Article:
Missouri Governor Jay Nixon on Tuesday announced the creation of the Ferguson Commission, which will study and attempt to address the community's fear and distrust in police and local officials following the August 9 shooting of Michael Brown, St. Louis TV station KSDK reported.
Following the Brown shooting, Ferguson, Missouri, residents took to the streets to protest what they saw as police mistreatment of the St. Louis suburb's majority black community. The demonstrations generally subsided through early September, but they picked up later in the month and particularly in October, as activists pushed new demonstrations dubbed "Ferguson October."
Commissions like the one proposed by Nixon have successfully addressed racial tensions in other parts of the world. The South African government undertook a truth and reconciliation commission to surface and openly discuss any concerns left over by apartheid and take steps to fix the issues. As historian Heather Ann Thompson told Vox's Dara Lind in August, the model also worked in Greensboro, North Carolina:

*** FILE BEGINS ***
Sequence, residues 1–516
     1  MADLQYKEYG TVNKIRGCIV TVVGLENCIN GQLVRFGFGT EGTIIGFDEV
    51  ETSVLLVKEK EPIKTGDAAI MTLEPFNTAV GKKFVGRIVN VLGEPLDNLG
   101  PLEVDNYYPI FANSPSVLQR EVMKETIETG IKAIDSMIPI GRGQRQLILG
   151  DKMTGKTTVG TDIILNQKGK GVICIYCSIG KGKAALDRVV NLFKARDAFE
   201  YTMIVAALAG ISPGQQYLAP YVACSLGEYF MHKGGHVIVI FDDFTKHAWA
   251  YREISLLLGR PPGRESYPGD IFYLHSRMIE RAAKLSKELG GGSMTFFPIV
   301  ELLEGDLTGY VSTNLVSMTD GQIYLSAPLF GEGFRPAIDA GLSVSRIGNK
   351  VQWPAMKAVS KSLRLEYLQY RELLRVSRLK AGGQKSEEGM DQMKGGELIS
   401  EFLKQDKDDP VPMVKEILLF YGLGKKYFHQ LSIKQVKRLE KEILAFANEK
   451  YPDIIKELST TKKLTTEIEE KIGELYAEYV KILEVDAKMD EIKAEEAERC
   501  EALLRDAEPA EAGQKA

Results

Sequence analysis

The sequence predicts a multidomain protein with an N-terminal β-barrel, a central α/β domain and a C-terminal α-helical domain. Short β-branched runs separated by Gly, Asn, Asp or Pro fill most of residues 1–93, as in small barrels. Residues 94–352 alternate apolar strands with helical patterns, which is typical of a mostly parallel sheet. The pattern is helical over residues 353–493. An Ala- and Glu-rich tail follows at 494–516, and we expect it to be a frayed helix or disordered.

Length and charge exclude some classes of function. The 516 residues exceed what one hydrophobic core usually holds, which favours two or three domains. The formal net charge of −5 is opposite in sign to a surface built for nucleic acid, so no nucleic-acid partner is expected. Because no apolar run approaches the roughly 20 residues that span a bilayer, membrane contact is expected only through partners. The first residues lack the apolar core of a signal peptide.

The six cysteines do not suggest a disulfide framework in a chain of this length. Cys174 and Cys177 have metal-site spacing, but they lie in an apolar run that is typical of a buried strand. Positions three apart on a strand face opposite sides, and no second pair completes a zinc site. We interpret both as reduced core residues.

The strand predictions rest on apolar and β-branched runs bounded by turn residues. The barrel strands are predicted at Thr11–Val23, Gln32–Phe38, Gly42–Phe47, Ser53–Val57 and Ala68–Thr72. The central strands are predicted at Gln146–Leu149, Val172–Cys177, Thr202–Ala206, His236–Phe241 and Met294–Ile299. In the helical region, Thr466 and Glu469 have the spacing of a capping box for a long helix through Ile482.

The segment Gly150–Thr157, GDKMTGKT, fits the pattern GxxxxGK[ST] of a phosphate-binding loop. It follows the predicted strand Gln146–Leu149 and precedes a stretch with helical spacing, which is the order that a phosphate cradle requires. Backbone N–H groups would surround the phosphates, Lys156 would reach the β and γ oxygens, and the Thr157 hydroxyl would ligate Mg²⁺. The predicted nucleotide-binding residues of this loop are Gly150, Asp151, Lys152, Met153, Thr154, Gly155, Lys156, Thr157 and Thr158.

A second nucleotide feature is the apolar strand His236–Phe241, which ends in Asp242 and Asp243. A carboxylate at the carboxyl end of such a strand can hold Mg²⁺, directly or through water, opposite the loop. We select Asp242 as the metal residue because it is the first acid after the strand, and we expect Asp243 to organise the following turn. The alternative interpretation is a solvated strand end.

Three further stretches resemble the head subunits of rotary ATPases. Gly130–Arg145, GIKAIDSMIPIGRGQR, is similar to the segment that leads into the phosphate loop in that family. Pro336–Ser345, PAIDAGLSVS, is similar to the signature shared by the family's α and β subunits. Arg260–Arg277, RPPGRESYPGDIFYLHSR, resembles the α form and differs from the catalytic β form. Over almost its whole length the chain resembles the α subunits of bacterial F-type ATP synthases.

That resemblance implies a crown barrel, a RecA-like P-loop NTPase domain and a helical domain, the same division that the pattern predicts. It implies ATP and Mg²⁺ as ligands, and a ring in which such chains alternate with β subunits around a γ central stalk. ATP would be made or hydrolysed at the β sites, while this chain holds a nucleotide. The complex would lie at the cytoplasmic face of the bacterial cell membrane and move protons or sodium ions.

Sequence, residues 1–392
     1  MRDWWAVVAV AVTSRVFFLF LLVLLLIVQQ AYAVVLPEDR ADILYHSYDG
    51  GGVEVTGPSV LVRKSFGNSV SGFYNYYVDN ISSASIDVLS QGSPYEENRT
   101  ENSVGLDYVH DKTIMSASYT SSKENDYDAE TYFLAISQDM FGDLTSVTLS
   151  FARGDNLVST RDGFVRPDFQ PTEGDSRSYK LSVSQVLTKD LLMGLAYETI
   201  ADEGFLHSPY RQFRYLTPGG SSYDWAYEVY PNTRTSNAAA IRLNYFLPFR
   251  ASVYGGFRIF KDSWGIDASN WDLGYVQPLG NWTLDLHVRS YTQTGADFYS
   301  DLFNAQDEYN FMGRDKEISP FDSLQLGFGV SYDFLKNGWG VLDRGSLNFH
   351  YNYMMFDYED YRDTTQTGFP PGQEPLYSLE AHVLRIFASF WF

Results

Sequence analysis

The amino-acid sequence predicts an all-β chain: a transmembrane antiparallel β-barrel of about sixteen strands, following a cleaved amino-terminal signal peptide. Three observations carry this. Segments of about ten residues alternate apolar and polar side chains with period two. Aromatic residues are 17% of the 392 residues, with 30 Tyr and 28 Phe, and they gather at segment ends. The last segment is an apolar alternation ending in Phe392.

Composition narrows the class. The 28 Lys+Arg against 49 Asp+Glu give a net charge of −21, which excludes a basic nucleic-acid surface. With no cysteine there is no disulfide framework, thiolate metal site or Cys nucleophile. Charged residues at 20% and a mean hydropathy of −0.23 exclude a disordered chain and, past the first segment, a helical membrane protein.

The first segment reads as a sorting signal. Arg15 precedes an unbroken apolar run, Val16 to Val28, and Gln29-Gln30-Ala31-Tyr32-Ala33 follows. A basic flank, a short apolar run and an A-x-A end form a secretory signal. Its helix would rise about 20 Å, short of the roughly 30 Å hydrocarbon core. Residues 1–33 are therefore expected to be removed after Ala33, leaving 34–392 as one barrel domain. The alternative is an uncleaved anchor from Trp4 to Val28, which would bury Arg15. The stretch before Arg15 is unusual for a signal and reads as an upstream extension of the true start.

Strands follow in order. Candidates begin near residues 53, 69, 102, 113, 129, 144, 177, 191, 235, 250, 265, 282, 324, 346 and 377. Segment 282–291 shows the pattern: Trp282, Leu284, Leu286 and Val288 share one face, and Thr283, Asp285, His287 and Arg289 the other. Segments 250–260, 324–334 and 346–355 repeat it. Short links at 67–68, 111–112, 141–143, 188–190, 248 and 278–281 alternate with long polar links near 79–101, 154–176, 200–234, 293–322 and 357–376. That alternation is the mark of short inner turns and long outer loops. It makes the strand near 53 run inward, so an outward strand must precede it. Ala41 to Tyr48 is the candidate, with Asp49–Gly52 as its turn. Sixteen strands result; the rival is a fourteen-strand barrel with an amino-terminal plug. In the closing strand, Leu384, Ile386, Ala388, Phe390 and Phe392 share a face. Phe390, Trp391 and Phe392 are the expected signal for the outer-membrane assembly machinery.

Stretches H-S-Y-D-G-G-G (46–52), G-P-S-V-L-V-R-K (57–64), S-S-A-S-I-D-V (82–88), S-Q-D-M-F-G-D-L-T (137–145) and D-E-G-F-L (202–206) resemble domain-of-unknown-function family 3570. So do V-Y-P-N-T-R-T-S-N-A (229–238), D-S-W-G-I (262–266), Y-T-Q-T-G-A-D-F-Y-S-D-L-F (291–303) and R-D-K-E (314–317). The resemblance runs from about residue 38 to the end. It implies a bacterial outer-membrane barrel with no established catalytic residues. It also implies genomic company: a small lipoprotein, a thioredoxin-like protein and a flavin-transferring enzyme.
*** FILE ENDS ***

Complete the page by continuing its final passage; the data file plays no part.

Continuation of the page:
There were these killings in Greensboro, North Carolina, in 1979, known colloquially as the Greensboro Massacre. This was when the police and the Klan kind of clashed with demonstrators, and people got killed, and it's really just a horrible situation.
They had a truth and reconciliation commission set up to deal with that. It's a really interesting story. What it resulted in was just pages and pages and tons of documents about what the community felt, and what the hell was going on, and who are these police, and what about the Klan?
[Is a Darren Wilson indictment] going to heal? Is that going to change the next kid who gets pulled over and shot? Probably not. The broader question of how communities are policed and how black people are viewed and treated on the streets is fodder for something much more significant that the community needs to engage in.
To learn more about the events in Ferguson, read Vox's explainer and watch the three-minute video below: